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Am I an addict?

This may not be an easy question to answer. All through our usage, we told ourselves, “I can handle it.” Even if this was true in the beginning, it may not be the case now. The substances have handled us.

Very simply, an addict is a person whose life is controlled by a substance. Perhaps you may admit they have a problem with a substance, but they don’t consider themselves an addict. All of us have preconceived ideas about what an addict is. There is nothing shameful about being an addict once you begin to take positive action.

The following questions were written by recovering addicts in Narcotics Anonymous. If you have doubts about

whether or not you’re an addict, take a few moments to read the questions below and answer them

as honestly as you can.

Do you ever use alone?
Have you ever substituted one substance for another, thinking that one particular substance was the problem?
Have you ever manipulated or lied to a doctor to obtain a particular substance?
Have you ever stolen a substance or stolen to obtain a substance?
Do you regularly use a substance when you wake up or when you go to bed?
Have you ever taken one substance to overcome the effects of another?
Do you avoid people or places that do not approve of you using a substance?
Have you ever used a substance without knowing what it was or what it would do to you?
Has your job or school performance ever suffered from the effects of your substance use?
Have you ever been arrested as a result of using a substance?
Have you ever lied about what or how much you use?
Do you put the purchase of a substance ahead of your financial responsibilities?
Have you ever tried to stop or control your using?
Have you ever been in a jail, hospital, or a substance rehabilitation center because of your using?
Does using interfere with your sleeping or eating?
Does the thought of running out of a substance terrify you?
Do you feel it is impossible for you to live without a substance?
Do you ever question your own sanity?
Is your substance use making life at home unhappy?
Have you ever thought you couldn’t fit in or have a good time without a substance?
Have you ever felt defensive, guilty, or ashamed about your using?
Do you think a lot about a substance?
Have you had irrational or indefinable fears?
Has using affected your sexual relationships?
Have you ever taken a substance you didn’t prefer?
Have you ever used a substance because of emotional pain or stress?
Have you ever overdosed on any substance?
Do you continue to use despite negative consequences?
If you'd like, go ahead and provide your contact information to take advantage of our complimentary confidential consultation.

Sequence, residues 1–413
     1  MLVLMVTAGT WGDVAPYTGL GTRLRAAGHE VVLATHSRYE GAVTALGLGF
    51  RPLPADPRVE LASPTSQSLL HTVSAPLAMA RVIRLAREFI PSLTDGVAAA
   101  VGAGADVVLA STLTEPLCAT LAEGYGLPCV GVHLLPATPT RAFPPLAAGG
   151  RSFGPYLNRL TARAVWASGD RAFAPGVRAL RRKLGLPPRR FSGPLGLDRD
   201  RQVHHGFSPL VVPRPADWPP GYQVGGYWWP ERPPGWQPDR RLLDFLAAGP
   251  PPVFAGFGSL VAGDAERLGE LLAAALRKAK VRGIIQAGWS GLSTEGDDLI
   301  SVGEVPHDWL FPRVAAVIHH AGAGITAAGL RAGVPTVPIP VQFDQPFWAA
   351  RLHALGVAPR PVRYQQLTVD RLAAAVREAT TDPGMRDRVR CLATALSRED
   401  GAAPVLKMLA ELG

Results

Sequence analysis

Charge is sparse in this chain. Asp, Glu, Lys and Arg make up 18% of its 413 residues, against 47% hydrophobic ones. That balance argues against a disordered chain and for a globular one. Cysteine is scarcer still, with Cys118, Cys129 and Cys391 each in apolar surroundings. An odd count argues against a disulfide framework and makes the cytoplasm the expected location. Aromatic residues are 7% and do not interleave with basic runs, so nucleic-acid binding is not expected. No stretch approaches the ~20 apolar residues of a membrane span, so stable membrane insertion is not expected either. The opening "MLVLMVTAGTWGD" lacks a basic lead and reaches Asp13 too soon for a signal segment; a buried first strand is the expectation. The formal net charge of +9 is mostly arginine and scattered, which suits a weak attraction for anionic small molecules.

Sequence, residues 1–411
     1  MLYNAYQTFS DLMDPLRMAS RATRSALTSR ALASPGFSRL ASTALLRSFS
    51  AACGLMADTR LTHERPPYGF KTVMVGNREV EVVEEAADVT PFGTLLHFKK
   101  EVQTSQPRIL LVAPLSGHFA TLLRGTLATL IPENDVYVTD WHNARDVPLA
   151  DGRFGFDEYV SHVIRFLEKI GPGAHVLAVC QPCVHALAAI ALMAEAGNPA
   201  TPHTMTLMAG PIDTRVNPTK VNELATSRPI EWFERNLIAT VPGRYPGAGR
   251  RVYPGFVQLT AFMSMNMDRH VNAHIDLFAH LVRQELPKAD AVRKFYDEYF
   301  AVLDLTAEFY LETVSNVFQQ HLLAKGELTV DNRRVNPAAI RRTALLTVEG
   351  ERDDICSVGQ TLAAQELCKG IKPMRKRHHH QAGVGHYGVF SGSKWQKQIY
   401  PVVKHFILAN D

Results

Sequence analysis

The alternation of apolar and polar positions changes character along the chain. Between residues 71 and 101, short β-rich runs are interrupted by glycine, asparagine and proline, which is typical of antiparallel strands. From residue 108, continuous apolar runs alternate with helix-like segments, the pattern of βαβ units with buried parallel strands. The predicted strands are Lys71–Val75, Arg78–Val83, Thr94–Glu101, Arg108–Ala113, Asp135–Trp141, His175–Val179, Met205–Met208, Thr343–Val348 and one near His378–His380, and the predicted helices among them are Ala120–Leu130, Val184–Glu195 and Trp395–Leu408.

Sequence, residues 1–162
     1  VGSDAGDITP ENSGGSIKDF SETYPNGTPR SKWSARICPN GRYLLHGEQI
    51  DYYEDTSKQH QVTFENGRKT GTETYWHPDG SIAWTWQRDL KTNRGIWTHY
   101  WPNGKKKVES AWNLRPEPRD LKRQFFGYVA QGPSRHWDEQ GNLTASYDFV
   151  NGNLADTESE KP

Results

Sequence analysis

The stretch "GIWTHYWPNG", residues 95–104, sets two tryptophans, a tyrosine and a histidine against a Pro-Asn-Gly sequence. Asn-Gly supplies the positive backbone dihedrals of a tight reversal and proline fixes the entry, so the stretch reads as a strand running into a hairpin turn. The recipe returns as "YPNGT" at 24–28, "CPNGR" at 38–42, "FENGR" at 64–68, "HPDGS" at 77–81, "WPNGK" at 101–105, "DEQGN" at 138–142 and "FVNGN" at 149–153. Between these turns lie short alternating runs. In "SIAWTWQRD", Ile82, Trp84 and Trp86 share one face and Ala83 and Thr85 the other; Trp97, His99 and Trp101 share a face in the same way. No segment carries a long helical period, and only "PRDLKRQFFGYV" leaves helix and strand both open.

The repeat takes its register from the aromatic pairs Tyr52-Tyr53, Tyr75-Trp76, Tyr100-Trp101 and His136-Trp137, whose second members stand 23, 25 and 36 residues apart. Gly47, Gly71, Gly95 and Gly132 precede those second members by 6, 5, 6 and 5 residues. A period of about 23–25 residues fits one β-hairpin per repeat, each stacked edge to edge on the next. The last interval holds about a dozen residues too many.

"If you have answered "Yes" to any of the questions asked, please carefully consider speaking to your doctor, or health care professional about your substance use - or call our dedicated professionals for additional information."


Are you an addict?

This is a question only you can answer. We found that we all answered different numbers of these questions with a “Yes.” The actual number of “Yes” responses wasn’t as important as how we felt inside and how addiction has affected our lives. Some of these questions don’t even mention a substance. This is because addiction is an insidious disease that affects all areas of our lives—even those areas which seem at first to have little to do with a substance. The different substances we used were not as important as why we used them and what they did to us.

  • “Oh, those questions don’t make sense.”
  • Or “I’m different. I know I take drugs, but I’m not an addict. I have real emotional/family/job problems.”
  • Or “I’m just having a tough time getting it together right now.”
  • Or, “I’ll be able to stop when I find the right person/get the right job, etc.”

If you are an addict, you must first admit that you have a problem with drugs before any progress can be made toward recovery. These questions, when honestly approached, may help to show you how using drugs has made your life unmanageable. Addiction is a disease which, without recovery, ends in jails, institutions, and possibly death. Addiction takes our pride, self-esteem, family, loved ones, and even our desire to live. If you have not reached this point in your addiction, you don’t have to. We have found that our own private hell was within us. If you want help, you can find it with Legacy Village.


You can also request a call from an addiction expert: We will contact you as soon as possible.